Sometimes a great nudge

I was listening to Bob Mayer give a workshop on writing the novel and I heard the voice of God. Now, I like Bob Mayer very much, but it wasn’t his voice I heard, it was something coming from the ceiling of my mind, and it said: Hey, dimwit, rewrite the opening scene of your novel.

Bob Mayer was on the subject of kernel ideas for stories, opening lines (“I told him I loved him and he killed me anyway”), and how the original idea should be worked and reworked until people light up when you tell them the story premise. I was thinking that this was all great advice, and I wrote it down, but I didn’t exactly need to hear it. What I needed to hear was what he said next. “Your opening scene often mirrors your climactic scene.”

Oh boy.

Now let me go back and tell a little story about the  opening scene of my novel in progress. (About which, for superstition’s sake, I can’t say very much.) The writers’ organization that I chair, Write on the River, held a class last fall where two authors whose names you might recognize came over to Wenatchee and critiqued (anonymous) first pages of novels in front of an audience that had submitted the pages. Well, unbeknownst to these two pals of mine, in the stack was the first page of my novel. I thought it was a zinger. And like, I’ve published ten novels, so I thought it would be good to have a really hot first page in the stack for, you know, balance.

Um. It seems that from a perfectly unbiased point of view, my page wasn’t very good. Hearing this stung a bit. The opening paragraphs had drama, imagination, action and intrigue. But they just weren’t all that good. (After a couple glasses of wine later that evening, I told them I’d been in the pile, and they were both chagrined. But you know, they gave me their unvarnished opinion. It’s not often a writer gets that.)

I huffed about this, thinking, Well, it has to open this way. And what do they know, anyway. But from that point on I was looking for a new opening, and had no clue how to recast it.

Now back to Bob Mayer’s class. His statement about mirroring the climactic scene hit me right between the eyes. This story is the most clearly thematic novel I’ve ever written, with a (hopefully hidden) theme. And after Mayer I knew right away what the opening scene needed to be about. The theme, of course. It wasn’t long before I had a rip roaring opener, full of drama, imagination, and action–but this time highly meaningful action.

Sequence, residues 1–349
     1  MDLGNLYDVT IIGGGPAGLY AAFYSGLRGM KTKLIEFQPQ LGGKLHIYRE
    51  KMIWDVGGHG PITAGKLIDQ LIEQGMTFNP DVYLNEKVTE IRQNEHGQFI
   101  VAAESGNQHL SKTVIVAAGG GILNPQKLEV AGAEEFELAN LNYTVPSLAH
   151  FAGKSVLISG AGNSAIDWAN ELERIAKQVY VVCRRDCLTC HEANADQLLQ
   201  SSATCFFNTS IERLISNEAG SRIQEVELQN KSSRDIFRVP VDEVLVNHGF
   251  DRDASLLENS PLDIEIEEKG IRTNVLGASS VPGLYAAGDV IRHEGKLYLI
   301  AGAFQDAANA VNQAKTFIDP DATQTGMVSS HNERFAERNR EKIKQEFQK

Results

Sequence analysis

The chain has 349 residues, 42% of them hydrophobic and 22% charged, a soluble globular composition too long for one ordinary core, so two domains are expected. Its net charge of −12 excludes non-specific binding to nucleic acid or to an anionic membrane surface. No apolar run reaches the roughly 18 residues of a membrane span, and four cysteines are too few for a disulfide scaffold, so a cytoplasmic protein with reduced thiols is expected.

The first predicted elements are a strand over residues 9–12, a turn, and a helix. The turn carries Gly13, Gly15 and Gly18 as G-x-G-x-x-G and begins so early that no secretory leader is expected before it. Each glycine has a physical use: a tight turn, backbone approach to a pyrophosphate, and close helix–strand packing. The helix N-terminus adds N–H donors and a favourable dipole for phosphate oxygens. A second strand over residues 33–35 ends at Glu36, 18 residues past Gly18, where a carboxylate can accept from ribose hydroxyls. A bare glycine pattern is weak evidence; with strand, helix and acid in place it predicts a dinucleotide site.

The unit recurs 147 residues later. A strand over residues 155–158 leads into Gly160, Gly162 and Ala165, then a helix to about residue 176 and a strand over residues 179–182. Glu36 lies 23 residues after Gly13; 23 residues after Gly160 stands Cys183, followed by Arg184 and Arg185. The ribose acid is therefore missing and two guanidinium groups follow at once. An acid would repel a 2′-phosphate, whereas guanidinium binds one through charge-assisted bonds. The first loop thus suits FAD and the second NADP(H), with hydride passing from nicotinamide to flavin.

I wrote this lovely scene in one outpouring, as though it was coming from somewhere else. (And it sort of is somewhere else. The region inside your head that you can only access when you get out of the way. That place.)

The point I’m getting to is not that your opening scene should mirror your climax or reflect your theme (but how satisfying if they do!) but how sometime a little nudge turns out to be just the thing you need to hear. It’s as though we know stuff subconsciously about our stories but we don’t always let it intrude on the iron control of I-know-how-to-write-this.

In the end, this is one of the great benefits of attending lectures, workshops and conferences. Even though you may think you’re getting a “refresher” on the obvious, the experience can be more profound than that. Your subconscious is working on the story while you’re dutifully taking notes and wondering if there are any muffins left in the lobby. And when your subconscious hears something profoundly useful, it latches on so hard that you break your pencil in half trying to scribble it down.

Sometimes a great nudge comes just in time.

4 Responses

  1. Debra Young says:

    This is so very true. It’s one of the reasons why I like to take writing seminars and workshops because they open up those little windows in the mind that I’m so often standing in front of–blocking! d:)

  2. Bob Mayer says:

    Thanks for the mention– and may I say, Write On The River is a great conference and I highly recommend it!

  3. Kay says:

    Yeah, the more I think about this, I thank that’s right. Little windows open up. Good one.

  4. Kay says:

    Oh, thanks, Bob! We’re still basking in the great time, deep learning. Thanks for being here.

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